It’s February, which means it’s heart health month.
So, this post is all about cardiovascular health, and more specifically about blood sugar regulation.
When people think of heart health, they usually think of hypertension, heart attacks, maybe diabetes, and cholesterol issues. Basically, they’re thinking of overt manifestations of underlying metabolic dysfunction. And this is true. But cardiovascular disease develops over time.
What does insulin do?
One of the metabolic dysfunctions that I see most often in my practice is insulin resistance, which is a huge contributing factor in PCOS (PolyCystic Ovarian Syndrome).
Insulin is the hormone that helps regulate your blood sugar and allows glucose (sugar) from your bloodstream to enter your cells. Glucose can then be utilized in your cells to make ATP (cellular energy currency… think back to your grade school science!).
Think of insulin like a key that unlocks your cellular door so glucose can enter the cell.
What is insulin resistance and how does it affect heart health?
What happens in those of you who have blood sugar regulation issues (PCOS, pre-diabetes and pre-pre-diabetes, etc.) is that your cells become resistant to insulin i.e. you need a lot of insulin kicking and screaming at the door of your cell to allow glucose to enter. What this means is that your body now starts to dump more insulin even at the slightest provocation.
And the thing is, insulin is pro-clotting – it promotes clotting in your blood vessels. And high blood sugar is also inflammatory and pro-clotting. And inflammation in general increases insulin resistance. So, basically, we’re laying the groundwork for developing cardiovascular disease.
There are different reasons why someone can have insulin resistance and it’s usually not just one thing that causes it, but a multitude of contributing factors: food & nutrition, genetics, medical history, medication use, stress and sleep, movement and activity levels, hormonal changes, general inflammation levels, other social determinants of health, and more.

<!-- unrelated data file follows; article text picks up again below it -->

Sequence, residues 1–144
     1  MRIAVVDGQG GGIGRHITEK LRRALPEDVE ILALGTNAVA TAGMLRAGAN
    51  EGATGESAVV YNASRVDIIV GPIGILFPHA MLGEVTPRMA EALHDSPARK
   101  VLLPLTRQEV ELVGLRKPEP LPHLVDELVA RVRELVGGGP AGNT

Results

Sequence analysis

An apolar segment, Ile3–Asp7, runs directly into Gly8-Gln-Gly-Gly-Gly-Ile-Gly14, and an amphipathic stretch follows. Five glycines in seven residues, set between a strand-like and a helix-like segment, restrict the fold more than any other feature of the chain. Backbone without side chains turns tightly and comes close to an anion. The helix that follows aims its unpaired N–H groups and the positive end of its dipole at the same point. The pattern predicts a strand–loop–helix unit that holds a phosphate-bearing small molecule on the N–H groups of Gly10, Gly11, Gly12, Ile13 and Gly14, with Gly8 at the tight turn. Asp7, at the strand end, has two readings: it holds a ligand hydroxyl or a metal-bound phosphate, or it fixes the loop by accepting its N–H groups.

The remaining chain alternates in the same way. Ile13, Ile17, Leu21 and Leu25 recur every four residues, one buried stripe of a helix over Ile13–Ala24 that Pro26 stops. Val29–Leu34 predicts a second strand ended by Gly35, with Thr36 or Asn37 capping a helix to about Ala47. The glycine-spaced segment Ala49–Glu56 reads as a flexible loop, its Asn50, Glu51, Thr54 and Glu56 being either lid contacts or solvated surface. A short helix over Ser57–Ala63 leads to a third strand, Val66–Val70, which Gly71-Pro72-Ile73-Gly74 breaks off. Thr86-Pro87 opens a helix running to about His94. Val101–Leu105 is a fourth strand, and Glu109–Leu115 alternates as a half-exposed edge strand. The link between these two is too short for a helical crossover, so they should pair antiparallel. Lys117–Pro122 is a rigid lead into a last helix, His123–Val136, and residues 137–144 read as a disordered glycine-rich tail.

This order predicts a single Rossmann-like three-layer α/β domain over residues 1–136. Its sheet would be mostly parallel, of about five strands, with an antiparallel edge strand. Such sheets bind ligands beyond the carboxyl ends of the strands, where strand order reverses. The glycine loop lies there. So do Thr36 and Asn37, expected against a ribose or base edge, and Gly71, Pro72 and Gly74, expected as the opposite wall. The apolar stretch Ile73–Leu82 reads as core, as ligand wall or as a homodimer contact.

Should I test for insulin resistance? How do I do that?
Medical doctors don’t typically run insulin levels along with your glucose but you can ask! It’s an important one to run (and one of the most common tests I run alongside vitamin D and a full thyroid panel). It’s a simple blood test. Here are some situations where it would be important to run:
– you have PCOS
– you have a family history of heart disease and/or type 2 diabetes
– your blood sugar is “borderline”
– you feel hypoglycemic (shaky, nauseated, fatigued, angry) easily
– you have recently gained a significant* amount of weight, especially around the midsection *significant is subjective obviously
– you have a history of (recurrent) miscarriage
– you had gestational diabetes or pre-eclampsia during your pregnancy
– you have yo-yo dieted in the past or your weight has yo-yoed in the past
– you retain a significant amount of water (not because of a medication or other known condition)
What can I do for healthy insulin and blood sugar levels?
Regardless of whether you’ve formally tested insulin or not, there are ways you can support your insulin and blood sugar levels:
– have wholesome meals: carbs (whole food sources are preferred) + protein + fats + fibre so that your blood sugar rises slowly instead of spiking tremendously if you don’t cushion your carbs with
– eat your fruits and veggies (start where you are and move up to the recommended 6-10 servings)
– get adequate restful sleep (or get help with sleep if you have issues!)
– incorporate meatless days, maybe a Meatless Monday! Plant-focused diets have the best evidence from
– incorporate healthy fats like omega-3s and olive oil
– move often (moving a few times per day even if it’s for a short period of time is helpful)
– decrease red meat consumption as red meat is higher in saturated fat that has been shown to worsen insulin resistance
– avoid or limit foods that are inflammatory to you (for e.g. they cause digestive upset or skin rashes or headaches etc.)
– limit refined and processed foods – incorporating some movement around the time that you have a dessert can be helpful to manage your blood sugar levels
– work on self-care and stress management regularly
– reach out for some support especially for guidance and sustainable habits